In the past couple of months, Egypt’s Supreme Administrative Court has issued two rulings concerning the country’s universities.
In response, the president of the National Council for Human Rights, Boutros Boutros-Ghali asked Hani Hilal, minister of higher education, to attend a meeting with the council.
Emerging from the two hour long meeting, Hilal told reporters that the “ministry and Cairo University respect court rulings in relation to campus security and niqab wearing students.”
On October 23, 2010, the Supreme Administrative Court backed a previous ruling passed in 2008 by a lower administrative court ending the presence of interior ministry security personnel in Cairo University. The court said that the presence of ministry security personnel on campus damages the independence of universities. The ruling was in response to a lawsuit filed by members of the 9 March Movement for the Independence of Universities.
“The Supreme Administrative Court did not cancel the presence of security altogether but said they should not be affiliated to the ministry of interior,” said Hilal.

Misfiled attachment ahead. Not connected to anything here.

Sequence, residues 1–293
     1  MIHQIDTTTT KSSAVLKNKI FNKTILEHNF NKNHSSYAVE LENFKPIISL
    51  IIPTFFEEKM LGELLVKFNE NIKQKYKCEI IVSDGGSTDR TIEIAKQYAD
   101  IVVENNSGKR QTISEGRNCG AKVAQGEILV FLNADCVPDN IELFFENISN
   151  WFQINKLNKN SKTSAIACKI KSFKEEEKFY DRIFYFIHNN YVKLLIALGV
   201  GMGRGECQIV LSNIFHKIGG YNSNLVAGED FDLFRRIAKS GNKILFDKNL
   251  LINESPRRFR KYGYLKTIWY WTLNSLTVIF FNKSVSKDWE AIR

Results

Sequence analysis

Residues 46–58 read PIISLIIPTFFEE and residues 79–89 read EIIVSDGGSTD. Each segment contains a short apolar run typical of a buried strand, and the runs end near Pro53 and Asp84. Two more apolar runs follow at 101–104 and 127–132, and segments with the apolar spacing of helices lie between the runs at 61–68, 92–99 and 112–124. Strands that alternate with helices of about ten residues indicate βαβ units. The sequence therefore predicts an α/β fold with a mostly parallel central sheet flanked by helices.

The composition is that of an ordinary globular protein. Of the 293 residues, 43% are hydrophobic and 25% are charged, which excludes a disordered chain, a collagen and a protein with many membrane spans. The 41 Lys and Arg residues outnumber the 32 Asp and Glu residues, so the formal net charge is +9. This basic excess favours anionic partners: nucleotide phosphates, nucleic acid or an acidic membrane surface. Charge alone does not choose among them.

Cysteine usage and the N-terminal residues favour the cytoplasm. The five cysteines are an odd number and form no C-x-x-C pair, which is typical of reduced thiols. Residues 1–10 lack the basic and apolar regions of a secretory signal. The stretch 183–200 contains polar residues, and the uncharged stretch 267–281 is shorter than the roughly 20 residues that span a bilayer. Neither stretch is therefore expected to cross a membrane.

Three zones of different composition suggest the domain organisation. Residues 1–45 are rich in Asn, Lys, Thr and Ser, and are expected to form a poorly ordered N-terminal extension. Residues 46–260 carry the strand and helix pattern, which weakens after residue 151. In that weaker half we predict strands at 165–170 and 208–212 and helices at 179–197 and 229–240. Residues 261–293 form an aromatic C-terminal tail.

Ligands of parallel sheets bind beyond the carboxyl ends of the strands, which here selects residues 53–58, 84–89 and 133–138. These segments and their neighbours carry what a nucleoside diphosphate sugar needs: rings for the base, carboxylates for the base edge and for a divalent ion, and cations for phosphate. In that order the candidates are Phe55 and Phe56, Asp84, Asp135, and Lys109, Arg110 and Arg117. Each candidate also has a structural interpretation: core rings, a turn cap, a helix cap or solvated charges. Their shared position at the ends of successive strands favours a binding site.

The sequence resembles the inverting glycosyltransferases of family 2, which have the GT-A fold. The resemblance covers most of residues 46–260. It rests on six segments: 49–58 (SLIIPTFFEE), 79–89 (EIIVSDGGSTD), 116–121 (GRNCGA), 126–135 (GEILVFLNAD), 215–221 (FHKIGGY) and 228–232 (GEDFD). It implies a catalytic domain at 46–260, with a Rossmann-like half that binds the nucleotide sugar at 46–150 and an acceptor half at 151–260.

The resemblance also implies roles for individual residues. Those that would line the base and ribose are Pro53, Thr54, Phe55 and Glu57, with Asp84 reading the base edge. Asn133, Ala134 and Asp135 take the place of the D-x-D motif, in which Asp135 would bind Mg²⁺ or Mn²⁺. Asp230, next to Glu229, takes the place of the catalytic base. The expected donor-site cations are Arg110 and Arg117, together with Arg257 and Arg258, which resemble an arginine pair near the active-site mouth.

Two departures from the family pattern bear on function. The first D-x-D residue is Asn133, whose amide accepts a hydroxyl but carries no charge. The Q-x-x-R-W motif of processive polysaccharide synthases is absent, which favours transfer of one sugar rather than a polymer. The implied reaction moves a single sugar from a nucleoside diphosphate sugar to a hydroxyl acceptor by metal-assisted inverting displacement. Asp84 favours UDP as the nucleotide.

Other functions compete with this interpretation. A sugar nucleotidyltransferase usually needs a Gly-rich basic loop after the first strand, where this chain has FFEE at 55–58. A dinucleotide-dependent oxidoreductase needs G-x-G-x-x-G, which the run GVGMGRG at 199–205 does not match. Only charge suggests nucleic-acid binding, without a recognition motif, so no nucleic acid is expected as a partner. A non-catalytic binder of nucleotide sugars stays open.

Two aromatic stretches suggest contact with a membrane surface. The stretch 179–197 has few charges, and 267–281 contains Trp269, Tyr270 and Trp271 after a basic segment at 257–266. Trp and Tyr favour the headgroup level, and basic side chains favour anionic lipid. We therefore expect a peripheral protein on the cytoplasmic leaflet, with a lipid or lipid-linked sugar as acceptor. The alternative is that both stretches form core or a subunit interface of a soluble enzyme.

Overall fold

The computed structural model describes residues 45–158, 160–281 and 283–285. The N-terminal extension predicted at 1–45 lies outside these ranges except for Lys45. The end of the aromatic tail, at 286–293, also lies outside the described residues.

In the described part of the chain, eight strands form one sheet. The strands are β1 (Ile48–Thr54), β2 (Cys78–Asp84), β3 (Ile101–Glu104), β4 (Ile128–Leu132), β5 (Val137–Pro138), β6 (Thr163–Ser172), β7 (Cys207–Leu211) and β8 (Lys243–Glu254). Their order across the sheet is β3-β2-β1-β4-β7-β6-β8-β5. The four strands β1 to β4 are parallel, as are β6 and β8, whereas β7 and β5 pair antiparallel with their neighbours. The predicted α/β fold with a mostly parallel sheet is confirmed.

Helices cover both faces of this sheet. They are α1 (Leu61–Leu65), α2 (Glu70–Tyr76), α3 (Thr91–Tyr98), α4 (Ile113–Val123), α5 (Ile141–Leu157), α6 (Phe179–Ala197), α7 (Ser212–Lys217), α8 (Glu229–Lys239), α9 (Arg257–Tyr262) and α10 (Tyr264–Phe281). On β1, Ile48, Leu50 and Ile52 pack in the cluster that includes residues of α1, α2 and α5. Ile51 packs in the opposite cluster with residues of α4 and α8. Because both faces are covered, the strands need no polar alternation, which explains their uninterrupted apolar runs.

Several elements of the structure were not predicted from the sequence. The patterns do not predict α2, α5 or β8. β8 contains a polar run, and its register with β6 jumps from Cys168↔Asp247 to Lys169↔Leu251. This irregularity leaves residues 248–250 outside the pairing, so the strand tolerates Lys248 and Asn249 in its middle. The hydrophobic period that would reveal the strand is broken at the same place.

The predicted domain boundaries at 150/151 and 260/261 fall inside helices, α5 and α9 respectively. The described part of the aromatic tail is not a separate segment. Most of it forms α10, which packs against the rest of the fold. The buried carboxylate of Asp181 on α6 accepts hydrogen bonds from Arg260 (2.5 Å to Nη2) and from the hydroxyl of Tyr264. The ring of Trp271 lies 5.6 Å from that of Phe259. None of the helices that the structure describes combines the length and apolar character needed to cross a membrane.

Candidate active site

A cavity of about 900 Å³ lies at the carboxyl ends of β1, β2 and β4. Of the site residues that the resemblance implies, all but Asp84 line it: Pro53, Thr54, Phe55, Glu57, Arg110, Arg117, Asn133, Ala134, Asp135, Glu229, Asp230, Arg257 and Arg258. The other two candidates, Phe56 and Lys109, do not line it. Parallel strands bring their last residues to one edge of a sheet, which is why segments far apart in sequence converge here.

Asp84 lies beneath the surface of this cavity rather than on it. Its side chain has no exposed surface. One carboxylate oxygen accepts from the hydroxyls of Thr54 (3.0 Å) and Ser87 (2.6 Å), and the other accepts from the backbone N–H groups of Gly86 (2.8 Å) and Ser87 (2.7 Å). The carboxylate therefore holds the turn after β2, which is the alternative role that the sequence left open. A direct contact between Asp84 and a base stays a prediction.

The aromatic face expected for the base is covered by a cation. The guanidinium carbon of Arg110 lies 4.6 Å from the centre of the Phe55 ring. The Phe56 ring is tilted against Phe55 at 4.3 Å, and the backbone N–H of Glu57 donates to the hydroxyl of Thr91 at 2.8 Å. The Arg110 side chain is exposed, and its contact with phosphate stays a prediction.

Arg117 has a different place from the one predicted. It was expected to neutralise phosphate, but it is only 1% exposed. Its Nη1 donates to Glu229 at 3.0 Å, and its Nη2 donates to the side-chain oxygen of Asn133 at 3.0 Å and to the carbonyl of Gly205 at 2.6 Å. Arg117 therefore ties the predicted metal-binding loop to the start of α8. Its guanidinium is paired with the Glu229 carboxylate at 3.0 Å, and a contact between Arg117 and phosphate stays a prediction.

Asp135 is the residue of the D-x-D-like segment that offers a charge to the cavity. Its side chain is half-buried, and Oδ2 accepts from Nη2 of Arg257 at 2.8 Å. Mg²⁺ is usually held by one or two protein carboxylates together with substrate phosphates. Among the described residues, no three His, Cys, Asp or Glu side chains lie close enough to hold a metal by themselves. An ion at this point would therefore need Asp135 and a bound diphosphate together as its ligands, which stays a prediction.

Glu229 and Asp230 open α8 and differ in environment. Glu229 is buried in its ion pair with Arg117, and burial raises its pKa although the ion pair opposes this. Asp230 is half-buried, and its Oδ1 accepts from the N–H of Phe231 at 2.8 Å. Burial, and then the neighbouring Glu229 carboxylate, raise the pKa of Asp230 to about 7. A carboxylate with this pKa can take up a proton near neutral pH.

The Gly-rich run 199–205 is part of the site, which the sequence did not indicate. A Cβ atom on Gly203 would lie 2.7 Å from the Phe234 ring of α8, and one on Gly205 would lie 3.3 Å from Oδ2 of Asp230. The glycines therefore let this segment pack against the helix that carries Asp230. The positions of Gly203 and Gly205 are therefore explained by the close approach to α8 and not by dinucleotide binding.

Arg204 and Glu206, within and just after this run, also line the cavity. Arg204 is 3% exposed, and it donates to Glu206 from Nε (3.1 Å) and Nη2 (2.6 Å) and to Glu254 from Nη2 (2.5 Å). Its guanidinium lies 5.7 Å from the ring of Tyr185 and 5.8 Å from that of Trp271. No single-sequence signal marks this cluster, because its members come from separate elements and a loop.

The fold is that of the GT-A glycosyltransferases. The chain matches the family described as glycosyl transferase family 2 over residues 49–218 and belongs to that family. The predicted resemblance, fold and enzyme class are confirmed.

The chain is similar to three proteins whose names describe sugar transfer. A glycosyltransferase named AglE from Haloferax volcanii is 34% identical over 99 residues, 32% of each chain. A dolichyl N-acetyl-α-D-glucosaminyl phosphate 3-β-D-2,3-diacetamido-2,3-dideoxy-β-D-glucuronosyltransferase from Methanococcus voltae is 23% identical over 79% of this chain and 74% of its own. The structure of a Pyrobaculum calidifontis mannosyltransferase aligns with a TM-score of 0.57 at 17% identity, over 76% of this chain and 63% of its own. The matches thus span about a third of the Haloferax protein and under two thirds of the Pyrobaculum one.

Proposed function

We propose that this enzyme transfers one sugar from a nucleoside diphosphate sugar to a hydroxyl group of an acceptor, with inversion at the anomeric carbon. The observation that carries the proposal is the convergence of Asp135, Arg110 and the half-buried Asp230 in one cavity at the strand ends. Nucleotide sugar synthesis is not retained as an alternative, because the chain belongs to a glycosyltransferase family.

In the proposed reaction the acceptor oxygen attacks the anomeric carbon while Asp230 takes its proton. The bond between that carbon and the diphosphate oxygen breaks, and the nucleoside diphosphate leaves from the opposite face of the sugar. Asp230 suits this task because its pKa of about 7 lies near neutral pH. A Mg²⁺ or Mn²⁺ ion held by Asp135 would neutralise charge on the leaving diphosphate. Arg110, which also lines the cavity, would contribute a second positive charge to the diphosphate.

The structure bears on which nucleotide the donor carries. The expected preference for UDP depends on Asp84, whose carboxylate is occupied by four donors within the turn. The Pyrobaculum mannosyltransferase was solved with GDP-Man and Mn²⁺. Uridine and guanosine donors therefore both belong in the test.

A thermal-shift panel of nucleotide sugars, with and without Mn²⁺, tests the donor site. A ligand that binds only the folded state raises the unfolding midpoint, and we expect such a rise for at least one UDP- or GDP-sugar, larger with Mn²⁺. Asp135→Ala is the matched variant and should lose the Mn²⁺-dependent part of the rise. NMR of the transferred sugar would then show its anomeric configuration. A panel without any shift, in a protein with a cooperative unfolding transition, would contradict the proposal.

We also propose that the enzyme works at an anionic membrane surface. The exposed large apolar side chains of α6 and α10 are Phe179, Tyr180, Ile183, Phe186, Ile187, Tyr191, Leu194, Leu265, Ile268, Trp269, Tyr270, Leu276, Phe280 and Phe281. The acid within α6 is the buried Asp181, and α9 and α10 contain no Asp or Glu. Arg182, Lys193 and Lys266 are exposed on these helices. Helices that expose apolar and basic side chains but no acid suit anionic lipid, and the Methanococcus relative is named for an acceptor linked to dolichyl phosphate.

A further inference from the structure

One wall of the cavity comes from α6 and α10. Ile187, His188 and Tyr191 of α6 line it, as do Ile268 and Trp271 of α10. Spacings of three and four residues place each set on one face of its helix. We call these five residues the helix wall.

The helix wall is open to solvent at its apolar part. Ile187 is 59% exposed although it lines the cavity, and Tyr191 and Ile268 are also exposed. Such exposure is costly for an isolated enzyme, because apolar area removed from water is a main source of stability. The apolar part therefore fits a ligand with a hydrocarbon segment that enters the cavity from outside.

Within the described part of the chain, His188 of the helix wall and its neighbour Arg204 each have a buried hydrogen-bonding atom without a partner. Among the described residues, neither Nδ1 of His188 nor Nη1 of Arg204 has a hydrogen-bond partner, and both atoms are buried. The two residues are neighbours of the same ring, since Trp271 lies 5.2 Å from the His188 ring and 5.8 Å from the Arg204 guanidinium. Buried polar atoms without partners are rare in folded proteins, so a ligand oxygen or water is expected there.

“The ministry and the university are establishing a university security unit which will be affiliated to the university’s administration. The matter takes time,” Hilal added, assuring that “the ministry respects court rulings”.
As for niqab wearing students, the minister said that the court's rulings stipulated that students should show their faces when they are asked to, so “they are asked to show their faces during examinations and if they don’t they will not be allowed to take their exams.”
Students wearing the niqab had filed lawsuits with the Supreme Administrative Court after being barred from entering exams earlier this month.
The court sought the opinions of the Grand Imam of Al-Azhar and the Mufti before ruling that students should be admitted as long as they agree to confirm their identity with a female university official.